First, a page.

A free web search engine for scientific publications.
If you are not able to find/open the article that you are looking for:
1.) Search for the journal in Hanna. Can you find it? Is it available electronically or in print? Is it available for the year/number where the article was published in?
2.) Google for the article. Sometimes it is available in full text somewhere else. It is a good idea to google just the title of the article (do not include vol and no).
3.) Contact the library: email@example.com. We might be able to find the article or order it for you.
There are many factors that you need to consider when assessing the quality of a journal:
How are the journal’s circulation and coverage? How frequently is it published? How fast is an article from submission to publication? What are the journal’s acceptance/rejection rates?
The information can be found on the journal’s or publisher’s website. Some journals have "received" and "accepted" dates on the first page of their articles. You can also check JournalGuide which provides the general information of a journal and aims to give authors a simple way to choose the suitable journal for your research.
Journals are categorized as follows according to the Ministry of Education and Culture:
Which databases index the journal? For example, is it indexed in Web of Science and/or Scopus? And what impact factors or citation analysis does the journal have in Web of Science and/or Scopus? How is the journal rated according to the Publication Forum (Julkaisufoorumi, Jufo) and/or Academic Journal Guide (AJG)?
Peer analysis is a high-quality control measure of research before publication in a journal. UlrichsWeb contains general information about journals. You can check UlrichsWeb to get the information if an article in a journal undergoes peer review before publishing. If the line “Refereed” is indicated with “Yes” on the journal information page in UlrichsWeb, it means that the journal uses peer reviewers in the publication process.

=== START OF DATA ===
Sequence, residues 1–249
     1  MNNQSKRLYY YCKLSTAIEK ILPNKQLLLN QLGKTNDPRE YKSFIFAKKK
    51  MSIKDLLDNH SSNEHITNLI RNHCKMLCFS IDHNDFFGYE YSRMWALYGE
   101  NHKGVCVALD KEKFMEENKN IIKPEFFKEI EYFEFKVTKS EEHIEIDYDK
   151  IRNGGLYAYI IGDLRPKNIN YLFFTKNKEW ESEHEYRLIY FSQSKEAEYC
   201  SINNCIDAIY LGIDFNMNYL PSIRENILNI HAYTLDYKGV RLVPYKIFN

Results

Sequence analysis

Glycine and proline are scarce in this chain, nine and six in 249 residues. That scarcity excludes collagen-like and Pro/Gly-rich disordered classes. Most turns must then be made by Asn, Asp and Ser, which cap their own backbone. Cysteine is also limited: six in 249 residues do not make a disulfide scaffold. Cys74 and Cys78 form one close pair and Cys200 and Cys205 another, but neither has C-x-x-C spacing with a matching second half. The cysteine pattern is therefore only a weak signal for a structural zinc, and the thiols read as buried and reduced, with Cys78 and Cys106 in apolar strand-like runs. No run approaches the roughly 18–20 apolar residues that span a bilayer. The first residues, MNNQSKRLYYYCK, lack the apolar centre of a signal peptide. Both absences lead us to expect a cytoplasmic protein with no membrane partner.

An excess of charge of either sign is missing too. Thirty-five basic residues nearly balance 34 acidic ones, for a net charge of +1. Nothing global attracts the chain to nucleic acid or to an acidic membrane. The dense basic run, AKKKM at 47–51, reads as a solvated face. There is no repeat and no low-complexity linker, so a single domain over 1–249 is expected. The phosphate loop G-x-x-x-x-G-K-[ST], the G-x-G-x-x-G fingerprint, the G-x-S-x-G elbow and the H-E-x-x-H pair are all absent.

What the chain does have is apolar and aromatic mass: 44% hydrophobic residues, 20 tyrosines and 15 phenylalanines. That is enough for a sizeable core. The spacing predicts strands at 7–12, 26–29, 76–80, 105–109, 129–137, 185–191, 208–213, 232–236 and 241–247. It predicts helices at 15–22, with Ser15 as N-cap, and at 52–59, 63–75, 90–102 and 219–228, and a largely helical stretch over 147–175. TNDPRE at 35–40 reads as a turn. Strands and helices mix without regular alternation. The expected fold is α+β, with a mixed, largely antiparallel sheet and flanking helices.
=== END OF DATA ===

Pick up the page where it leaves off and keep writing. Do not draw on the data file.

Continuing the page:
Predatory publishing is an exploitive academic publishing business model that involves charging publication fees to authors without checking articles’ quality and legitimacy and without providing other editorial and publishing services that legitimate academic journals provide, whether open access or not.
You can check JournalGuide to see if your target journal is in the JournalGuide whitelist of reputable titles. Note that “[t]he alarming increase in the number of predatory journals (from 1,800 to 8,000 over the period 2010–4) and the exponential growth (from 53,000 to 420,000 between 2010 and 2014) of the articles that they publish (Shen and Björk 2015) have rendered futile any effort to keep white and blacklists updated” (M Ángeles Oviedo-García. 2021. Journal citation reports and the definition of a predatory journal: The case of the Multidisciplinary Digital Publishing Institute (MDPI). Research Evaluation, 1-15. https://doi.org/10.1093/reseval/rvab020).